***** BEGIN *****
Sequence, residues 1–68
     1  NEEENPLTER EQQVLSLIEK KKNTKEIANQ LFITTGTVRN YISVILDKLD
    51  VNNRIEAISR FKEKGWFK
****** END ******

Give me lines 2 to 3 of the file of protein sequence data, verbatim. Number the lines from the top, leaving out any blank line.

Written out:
     1  NEEENPLTER EQQVLSLIEK KKNTKEIANQ LFITTGTVRN YISVILDKLD
    51  VNNRIEAISR FKEKGWFK